Off piste skiing and Touring
For those wishing to leave the marked piste there are numerous off-piste possibilities, the ski-schools offer regular guided excursions or contact Murray Hamilton (a local Scottish guide!) www.propeller.net/murray/ on +33(0)492230856 or firstname.lastname@example.org .
All the resorts listed above have excellent off piste skiing; Puy St Vincent is a popular destination especially when the North wind is blowing at Serre Chevalier. La Grave is regarded a mecca for off-piste and extreme skiing and is only 45 minutes from Briancon, a perfect finale to a perfect trip. Just remember it is off-piste, i.e. there are no pistes, no secouristes patrolling runs and no way markers to show you where to go. To get the most from La Grave go on a nice day when you are fully ski fit and take a guide! In these conditions it is a simply fabulous place to go if you are up to it! There are 9km and 2150m of descent through high mountain scenery past seracs, ice falls and on glaciers. It is serious terrain and awe inspiring. Murray Hamilton on +33(0)492230856, offers guiding here. The ski schools and guide agencies offer day trips in the season once a week or so; this may be a more economic option if you are the only one of your group interested in going. See the la Grave tourist office site, www.lagrave-lameije.com , for details of the local guide agencies.
Each year at the end of March/ beginning of April there is a race down the Vallons, the winners normally complete the 9km, 2150m descent in around 10 minutes!
The use of skins and ski touring bindings allows you the freedom to get away from the resorts and the crowds and descend fields of untracked snow. It doesn’t mean that you have to do difficult routes; often by getting away from the resorts you can improve your off-piste skiing on more gentle slopes days after it has last snowed. You do however have to have a certain level of physical fitness and be aware of the mountains and the avalanche risk. For this reason we would recommend hiring a guide or joining one of the guided trips run by the ski schools or the bureau de guides.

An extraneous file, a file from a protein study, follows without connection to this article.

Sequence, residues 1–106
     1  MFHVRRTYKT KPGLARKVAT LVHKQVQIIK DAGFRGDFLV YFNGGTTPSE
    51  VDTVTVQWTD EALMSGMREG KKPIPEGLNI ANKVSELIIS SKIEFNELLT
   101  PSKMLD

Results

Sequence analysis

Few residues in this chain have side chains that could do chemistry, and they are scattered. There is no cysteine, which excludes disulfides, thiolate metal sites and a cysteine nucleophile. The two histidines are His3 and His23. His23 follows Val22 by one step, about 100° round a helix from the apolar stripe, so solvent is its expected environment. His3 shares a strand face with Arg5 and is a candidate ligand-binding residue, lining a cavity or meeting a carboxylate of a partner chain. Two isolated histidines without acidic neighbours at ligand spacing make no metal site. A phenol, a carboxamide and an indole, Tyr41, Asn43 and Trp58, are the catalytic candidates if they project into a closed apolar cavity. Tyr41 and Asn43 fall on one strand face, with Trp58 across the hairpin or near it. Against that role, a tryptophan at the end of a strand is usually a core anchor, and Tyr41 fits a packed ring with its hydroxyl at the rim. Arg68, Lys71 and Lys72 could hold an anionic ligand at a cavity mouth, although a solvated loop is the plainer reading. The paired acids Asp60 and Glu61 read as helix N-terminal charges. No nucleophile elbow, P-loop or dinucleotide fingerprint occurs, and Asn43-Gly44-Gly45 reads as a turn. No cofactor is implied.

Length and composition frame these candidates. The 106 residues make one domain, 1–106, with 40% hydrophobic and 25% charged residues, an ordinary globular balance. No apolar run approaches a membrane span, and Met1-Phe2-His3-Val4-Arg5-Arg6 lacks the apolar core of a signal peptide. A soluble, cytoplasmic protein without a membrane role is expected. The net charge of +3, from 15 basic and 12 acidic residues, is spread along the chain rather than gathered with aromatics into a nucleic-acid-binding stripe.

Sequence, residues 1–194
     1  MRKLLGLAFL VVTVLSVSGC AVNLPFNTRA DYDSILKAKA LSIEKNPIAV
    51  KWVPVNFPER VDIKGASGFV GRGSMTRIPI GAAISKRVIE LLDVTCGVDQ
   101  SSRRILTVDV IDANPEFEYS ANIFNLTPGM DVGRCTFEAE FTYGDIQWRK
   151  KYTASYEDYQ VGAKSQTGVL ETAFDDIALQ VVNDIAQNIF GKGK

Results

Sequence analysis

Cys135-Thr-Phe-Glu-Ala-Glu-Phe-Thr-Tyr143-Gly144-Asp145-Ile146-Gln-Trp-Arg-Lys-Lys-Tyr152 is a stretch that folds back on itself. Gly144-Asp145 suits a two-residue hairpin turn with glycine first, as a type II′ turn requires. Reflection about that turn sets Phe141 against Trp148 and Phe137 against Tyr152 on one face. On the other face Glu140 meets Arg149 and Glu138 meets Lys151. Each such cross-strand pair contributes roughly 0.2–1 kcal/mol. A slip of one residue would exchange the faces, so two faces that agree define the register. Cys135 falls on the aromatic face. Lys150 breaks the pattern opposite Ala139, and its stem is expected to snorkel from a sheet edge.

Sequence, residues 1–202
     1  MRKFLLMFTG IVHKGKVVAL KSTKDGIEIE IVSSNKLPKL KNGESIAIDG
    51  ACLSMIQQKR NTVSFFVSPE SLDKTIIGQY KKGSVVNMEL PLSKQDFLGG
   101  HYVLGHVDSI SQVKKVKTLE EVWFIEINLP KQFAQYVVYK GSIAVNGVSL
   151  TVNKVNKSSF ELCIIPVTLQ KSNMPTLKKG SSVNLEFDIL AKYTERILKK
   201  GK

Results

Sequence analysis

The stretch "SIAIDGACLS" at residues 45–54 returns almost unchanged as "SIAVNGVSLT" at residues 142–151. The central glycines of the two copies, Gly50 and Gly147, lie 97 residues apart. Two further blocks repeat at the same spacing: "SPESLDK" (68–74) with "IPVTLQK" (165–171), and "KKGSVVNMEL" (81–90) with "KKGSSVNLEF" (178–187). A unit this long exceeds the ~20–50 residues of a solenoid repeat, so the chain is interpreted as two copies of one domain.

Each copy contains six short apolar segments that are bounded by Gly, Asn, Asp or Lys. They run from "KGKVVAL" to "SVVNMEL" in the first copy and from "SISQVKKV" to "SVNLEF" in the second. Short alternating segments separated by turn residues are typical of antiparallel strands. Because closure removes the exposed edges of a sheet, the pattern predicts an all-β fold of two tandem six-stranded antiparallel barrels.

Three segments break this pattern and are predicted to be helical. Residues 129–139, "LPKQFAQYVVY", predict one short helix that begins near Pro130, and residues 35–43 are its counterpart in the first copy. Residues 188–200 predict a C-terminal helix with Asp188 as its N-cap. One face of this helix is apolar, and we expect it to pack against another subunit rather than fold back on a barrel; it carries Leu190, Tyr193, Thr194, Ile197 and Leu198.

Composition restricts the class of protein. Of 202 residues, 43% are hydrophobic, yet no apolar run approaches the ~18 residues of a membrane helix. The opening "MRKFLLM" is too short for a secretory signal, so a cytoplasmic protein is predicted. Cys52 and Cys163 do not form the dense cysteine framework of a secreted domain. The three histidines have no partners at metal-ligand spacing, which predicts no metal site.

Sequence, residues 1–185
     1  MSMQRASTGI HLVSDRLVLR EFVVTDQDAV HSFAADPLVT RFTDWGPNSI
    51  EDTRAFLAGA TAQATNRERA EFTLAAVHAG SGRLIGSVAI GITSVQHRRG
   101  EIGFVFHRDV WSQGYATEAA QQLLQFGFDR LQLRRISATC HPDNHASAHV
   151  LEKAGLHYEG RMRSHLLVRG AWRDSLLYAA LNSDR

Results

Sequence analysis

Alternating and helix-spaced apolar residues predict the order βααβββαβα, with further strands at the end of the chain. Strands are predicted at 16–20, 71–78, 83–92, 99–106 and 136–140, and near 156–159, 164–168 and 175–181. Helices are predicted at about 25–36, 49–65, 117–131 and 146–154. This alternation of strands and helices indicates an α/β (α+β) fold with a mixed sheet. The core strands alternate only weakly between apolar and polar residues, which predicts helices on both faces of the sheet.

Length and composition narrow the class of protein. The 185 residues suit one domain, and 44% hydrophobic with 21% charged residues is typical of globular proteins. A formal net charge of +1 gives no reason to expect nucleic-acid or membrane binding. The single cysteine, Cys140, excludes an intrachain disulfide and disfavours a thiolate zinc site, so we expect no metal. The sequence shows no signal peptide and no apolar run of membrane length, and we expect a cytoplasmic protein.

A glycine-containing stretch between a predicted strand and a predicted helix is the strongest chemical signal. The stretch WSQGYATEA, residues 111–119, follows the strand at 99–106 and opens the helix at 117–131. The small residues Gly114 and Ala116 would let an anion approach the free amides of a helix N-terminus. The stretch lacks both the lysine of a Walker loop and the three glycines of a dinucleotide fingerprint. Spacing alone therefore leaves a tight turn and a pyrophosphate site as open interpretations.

In this area, popular day ski tours include:
• La Blanche ; you can take the lift up from Pelvoux and from there it is an 800m ascent which gives you 1700m descent;
• Col de Querettes above the Narryoux valley. This can be reached either by descending the Narryoux from the ski lifts at Put St Vincent or by taking a track from Puy St Vincent 1600. Towards the top it gets quite steep, but you can choose how far to ascend.
• Tete des Raisins in the Fressinieres valley with 100m ascent and descent
as well as numerous routes in the Queyras and above the Nevache valley.
Further ideas are included in http://.ice-fall.com . Gerard Pailheiret who runs ice fall lives just above us in L’Argentiere.
There are a number of guides giving itineraries for ski touring in the area. These are in French, but normally relatively easy to understand. These include 50 Randonnees a Ski autour de Briancon by Rene Kehres and Ski de Randonnee Hautes-Alpes by Emmanuel Cabau and Herve Gelley which has some 140 routes.
The local maps also indicate in blue some ski touring routes.